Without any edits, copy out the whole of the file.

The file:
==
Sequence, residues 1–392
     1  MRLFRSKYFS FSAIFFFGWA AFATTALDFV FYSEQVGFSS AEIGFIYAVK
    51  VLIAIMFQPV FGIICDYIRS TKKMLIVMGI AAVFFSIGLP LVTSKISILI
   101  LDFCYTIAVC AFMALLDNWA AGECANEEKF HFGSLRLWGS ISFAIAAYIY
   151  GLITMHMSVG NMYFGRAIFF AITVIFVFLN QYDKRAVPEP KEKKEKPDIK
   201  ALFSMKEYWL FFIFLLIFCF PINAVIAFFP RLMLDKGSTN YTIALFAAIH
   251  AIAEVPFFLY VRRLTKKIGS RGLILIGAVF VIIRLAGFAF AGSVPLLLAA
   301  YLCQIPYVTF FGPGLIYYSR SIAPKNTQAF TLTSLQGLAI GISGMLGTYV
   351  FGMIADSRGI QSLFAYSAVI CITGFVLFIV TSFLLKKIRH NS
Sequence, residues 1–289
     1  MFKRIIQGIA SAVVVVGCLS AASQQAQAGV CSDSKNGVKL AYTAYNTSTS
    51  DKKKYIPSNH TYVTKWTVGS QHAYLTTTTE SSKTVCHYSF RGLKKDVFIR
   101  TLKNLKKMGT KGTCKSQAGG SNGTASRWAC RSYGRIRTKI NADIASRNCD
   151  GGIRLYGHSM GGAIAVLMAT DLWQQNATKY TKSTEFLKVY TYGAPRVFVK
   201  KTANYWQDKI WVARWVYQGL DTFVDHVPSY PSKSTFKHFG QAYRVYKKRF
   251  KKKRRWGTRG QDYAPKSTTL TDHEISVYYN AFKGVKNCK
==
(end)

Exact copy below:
Sequence, residues 1–392
     1  MRLFRSKYFS FSAIFFFGWA AFATTALDFV FYSEQVGFSS AEIGFIYAVK
    51  VLIAIMFQPV FGIICDYIRS TKKMLIVMGI AAVFFSIGLP LVTSKISILI
   101  LDFCYTIAVC AFMALLDNWA AGECANEEKF HFGSLRLWGS ISFAIAAYIY
   151  GLITMHMSVG NMYFGRAIFF AITVIFVFLN QYDKRAVPEP KEKKEKPDIK
   201  ALFSMKEYWL FFIFLLIFCF PINAVIAFFP RLMLDKGSTN YTIALFAAIH
   251  AIAEVPFFLY VRRLTKKIGS RGLILIGAVF VIIRLAGFAF AGSVPLLLAA
   301  YLCQIPYVTF FGPGLIYYSR SIAPKNTQAF TLTSLQGLAI GISGMLGTYV
   351  FGMIADSRGI QSLFAYSAVI CITGFVLFIV TSFLLKKIRH NS
Sequence, residues 1–289
     1  MFKRIIQGIA SAVVVVGCLS AASQQAQAGV CSDSKNGVKL AYTAYNTSTS
    51  DKKKYIPSNH TYVTKWTVGS QHAYLTTTTE SSKTVCHYSF RGLKKDVFIR
   101  TLKNLKKMGT KGTCKSQAGG SNGTASRWAC RSYGRIRTKI NADIASRNCD
   151  GGIRLYGHSM GGAIAVLMAT DLWQQNATKY TKSTEFLKVY TYGAPRVFVK
   201  KTANYWQDKI WVARWVYQGL DTFVDHVPSY PSKSTFKHFG QAYRVYKKRF
   251  KKKRRWGTRG QDYAPKSTTL TDHEISVYYN AFKGVKNCK